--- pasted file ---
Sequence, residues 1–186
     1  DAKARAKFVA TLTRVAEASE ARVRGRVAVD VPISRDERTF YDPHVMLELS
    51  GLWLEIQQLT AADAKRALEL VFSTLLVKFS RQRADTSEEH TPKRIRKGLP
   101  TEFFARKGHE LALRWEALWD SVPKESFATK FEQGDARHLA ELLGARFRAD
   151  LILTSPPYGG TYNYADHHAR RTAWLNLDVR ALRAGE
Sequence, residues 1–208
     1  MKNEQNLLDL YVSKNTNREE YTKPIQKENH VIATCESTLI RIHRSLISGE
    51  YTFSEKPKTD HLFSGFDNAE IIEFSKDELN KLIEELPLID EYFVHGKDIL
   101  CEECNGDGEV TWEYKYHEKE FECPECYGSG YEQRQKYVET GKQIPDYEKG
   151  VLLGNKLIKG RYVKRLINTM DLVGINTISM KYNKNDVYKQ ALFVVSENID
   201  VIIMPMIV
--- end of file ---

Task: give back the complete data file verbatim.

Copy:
Sequence, residues 1–186
     1  DAKARAKFVA TLTRVAEASE ARVRGRVAVD VPISRDERTF YDPHVMLELS
    51  GLWLEIQQLT AADAKRALEL VFSTLLVKFS RQRADTSEEH TPKRIRKGLP
   101  TEFFARKGHE LALRWEALWD SVPKESFATK FEQGDARHLA ELLGARFRAD
   151  LILTSPPYGG TYNYADHHAR RTAWLNLDVR ALRAGE
Sequence, residues 1–208
     1  MKNEQNLLDL YVSKNTNREE YTKPIQKENH VIATCESTLI RIHRSLISGE
    51  YTFSEKPKTD HLFSGFDNAE IIEFSKDELN KLIEELPLID EYFVHGKDIL
   101  CEECNGDGEV TWEYKYHEKE FECPECYGSG YEQRQKYVET GKQIPDYEKG
   151  VLLGNKLIKG RYVKRLINTM DLVGINTISM KYNKNDVYKQ ALFVVSENID
   201  VIIMPMIV